Dmitri Young and Svrluga
1) Dmitri Young is close to signing a two-year extension with the Nats, reports MLB.com.
2) "Huh?" asks a concerned Capitol Punishment.
3) I get ready to post my thoughts, but just then the tireless Barry Svrluga--whom the Washington Post actually pays to be smart about the Nats--posts his. He has all the details, along with his suspicions that it won't actually happen today.
4) Then, from ESPN.com, comes this: "First baseman Dmitri Young is close to agreement on a two-year, $10 million contract with the Washington Nationals, a baseball source told ESPN.com."
5) Since I've been distracted all the while by the Blog Show conference call and the singing WNBA players, there's nothing left for me to say, except that I'm glad Da Hook will still be Meating his way around RFK, and to quote from this VERY IMPORTANT Fortune mag story about the future of The Washington Post, which chooses to lede with a tireless Barry Svrluga anecdote:
Barry Svrluga, a 36-year-old baseball writer for The Washington Post, was on his way to the barber when an e-mail pinged his BlackBerry telling him that the Washington Nationals had sent two struggling pitchers to the minor leagues. Svrluga detoured to Starbucks, wrote a 572-word commentary on his laptop and posted it to his blog, Nationals Journal at washingtonpost.com. After his haircut he swung by the Post's newsroom to do a live question-and-answer session online with fans. That night, after filing a story for the newspaper, which he calls the "$0.35 edition" in his blog, Svrluga recorded a ten-minute podcast for the Web site, with sound bites from team officials and players.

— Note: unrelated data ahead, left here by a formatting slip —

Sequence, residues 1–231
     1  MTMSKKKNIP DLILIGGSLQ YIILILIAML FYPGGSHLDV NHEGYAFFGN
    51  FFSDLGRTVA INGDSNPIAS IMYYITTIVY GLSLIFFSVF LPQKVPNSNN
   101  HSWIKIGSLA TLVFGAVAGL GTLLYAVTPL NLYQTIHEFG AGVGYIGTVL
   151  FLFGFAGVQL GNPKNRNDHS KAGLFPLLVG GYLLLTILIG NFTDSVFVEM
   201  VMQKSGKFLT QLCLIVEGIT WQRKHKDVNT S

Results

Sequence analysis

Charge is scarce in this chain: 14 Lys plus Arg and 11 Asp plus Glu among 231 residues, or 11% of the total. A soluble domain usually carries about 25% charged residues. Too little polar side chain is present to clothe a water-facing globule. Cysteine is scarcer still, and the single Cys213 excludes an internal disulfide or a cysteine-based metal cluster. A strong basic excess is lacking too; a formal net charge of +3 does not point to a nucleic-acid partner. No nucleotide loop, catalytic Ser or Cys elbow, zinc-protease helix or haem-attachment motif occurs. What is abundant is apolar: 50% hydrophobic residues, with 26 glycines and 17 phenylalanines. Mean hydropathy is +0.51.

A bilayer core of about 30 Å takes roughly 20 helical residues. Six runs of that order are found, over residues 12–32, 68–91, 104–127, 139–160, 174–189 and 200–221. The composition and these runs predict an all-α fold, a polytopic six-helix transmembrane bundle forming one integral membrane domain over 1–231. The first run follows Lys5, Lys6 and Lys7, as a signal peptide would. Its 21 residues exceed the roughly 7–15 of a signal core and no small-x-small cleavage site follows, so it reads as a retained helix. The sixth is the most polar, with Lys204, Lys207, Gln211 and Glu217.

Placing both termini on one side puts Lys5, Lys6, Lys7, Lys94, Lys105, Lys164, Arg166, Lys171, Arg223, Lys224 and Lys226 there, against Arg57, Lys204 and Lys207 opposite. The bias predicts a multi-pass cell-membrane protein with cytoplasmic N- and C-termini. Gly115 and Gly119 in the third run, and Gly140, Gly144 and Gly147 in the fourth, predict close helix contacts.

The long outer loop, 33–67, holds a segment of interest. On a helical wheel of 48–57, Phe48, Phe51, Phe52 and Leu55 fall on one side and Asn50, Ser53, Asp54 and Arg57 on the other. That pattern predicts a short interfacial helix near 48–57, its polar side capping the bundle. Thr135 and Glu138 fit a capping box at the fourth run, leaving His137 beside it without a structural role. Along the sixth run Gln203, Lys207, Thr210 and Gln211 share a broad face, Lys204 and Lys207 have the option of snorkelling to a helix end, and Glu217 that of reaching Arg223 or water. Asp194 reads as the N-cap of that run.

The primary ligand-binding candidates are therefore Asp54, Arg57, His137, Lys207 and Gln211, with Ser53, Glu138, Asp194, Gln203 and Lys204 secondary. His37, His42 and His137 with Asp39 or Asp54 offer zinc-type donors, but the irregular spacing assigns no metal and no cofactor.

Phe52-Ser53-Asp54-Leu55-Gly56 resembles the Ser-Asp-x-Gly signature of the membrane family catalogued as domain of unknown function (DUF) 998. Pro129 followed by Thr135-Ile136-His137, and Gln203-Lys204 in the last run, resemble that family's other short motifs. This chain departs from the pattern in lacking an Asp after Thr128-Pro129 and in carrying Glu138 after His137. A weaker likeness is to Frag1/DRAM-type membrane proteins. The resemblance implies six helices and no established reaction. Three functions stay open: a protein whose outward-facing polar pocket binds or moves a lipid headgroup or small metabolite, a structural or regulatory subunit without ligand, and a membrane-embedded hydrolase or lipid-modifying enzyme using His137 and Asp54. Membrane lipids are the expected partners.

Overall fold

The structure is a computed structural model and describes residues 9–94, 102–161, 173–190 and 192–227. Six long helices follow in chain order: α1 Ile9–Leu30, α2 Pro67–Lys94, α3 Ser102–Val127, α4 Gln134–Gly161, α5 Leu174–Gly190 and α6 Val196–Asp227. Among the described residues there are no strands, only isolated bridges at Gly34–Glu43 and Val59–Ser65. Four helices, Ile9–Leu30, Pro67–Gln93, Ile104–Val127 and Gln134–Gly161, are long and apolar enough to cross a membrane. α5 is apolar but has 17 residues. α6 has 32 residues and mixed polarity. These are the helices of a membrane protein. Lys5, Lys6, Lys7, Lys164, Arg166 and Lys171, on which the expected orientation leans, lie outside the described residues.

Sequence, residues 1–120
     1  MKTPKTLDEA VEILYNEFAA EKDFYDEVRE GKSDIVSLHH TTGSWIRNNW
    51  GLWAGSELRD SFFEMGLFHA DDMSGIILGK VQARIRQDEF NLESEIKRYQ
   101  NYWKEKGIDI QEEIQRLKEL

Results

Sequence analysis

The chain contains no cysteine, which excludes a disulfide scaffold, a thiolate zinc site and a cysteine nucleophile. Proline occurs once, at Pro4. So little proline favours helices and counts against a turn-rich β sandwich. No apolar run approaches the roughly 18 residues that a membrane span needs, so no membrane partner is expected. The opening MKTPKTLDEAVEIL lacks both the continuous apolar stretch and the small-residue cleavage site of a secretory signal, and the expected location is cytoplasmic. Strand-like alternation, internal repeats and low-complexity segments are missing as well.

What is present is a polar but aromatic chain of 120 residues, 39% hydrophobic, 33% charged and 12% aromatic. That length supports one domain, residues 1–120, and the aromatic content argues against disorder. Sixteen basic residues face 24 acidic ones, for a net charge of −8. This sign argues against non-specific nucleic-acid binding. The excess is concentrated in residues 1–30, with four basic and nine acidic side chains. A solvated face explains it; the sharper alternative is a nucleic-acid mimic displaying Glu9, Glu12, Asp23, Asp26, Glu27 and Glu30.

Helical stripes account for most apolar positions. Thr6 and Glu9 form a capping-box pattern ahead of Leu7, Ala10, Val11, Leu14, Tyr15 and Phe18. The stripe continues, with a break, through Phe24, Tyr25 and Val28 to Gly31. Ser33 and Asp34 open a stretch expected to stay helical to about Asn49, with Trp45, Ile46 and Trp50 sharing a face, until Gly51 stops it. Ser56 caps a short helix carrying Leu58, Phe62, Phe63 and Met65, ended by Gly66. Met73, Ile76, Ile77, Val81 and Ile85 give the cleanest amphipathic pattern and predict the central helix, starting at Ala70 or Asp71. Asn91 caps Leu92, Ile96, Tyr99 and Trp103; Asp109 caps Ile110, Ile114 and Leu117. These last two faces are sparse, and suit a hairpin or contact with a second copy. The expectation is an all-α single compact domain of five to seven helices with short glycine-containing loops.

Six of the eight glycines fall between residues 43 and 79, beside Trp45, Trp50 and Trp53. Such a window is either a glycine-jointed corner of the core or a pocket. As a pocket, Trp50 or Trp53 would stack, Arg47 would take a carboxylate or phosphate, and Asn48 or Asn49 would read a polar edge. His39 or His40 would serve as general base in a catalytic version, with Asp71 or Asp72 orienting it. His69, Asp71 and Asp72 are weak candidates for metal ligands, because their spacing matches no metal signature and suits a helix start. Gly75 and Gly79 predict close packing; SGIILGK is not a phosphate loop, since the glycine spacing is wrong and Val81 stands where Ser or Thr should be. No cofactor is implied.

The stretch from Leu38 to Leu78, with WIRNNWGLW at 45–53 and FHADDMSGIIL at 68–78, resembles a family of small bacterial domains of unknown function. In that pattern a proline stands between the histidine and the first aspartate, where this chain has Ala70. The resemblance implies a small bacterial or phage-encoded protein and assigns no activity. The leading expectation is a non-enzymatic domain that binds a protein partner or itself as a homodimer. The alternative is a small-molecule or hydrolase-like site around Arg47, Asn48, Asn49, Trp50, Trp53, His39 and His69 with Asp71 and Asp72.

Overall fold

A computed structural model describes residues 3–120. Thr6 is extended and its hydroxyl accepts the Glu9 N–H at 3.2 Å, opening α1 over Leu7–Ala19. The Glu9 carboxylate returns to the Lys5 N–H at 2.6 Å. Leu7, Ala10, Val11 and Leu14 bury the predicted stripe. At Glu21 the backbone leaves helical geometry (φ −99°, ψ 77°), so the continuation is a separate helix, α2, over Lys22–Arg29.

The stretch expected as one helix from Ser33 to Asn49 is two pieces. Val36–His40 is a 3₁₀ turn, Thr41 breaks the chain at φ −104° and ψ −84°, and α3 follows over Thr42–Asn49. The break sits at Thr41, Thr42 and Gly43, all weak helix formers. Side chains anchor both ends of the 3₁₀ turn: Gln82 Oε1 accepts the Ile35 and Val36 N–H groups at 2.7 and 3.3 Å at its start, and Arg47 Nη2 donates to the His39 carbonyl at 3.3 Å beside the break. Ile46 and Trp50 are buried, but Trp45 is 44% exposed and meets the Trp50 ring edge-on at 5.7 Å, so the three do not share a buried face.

That's Svrluga. So tireless. I was disappointed we didn't get any scene from the barber shop. Barber shops provide great feature-story scene. Fortune Mag, take note. Anyhow, it's a fascinating story about this company I work for, and you should read it, even as I prepare my resume, but I did find the ending a bit curious:
"No one," Graham says soberly, "can sit here and tell you how people are going to be getting news stories ten or 20 years from now." But people will want to know the scoop from the White House, the prospects for peace in the Middle East, and who's pitching for the Nationals, and someone will be there to tell them. We just don't know who that someone will be.
Yes, 20 years from now people will want to know the scoop from the White House. Yes, they'll still be interested in prospects for peace in the Middle East. But is the third thing on that list really who's pitching for the Nats? I wouldn't bet my life the Nats even exist in 20 years, and if they do, they'll surely be employing 15 different anonymous rookie pitchers that only absolute freaks care about. On the list of important sports questions our readers will want answered 20 years from now, I'd include "Who's playing QB for the Redskins," "Who's playing RB for the Redskins," "Who's playing WR for the Redskins," "Who's playing TE for the Redskins," "Who's playing backup TE for the Redskins," "What about the third-string TE," and "How are those D.C. United stadium talks going!!!" and "Which island is Gilbert going to buy this week" ahead of "who's pitching for the Nationals." Personally.
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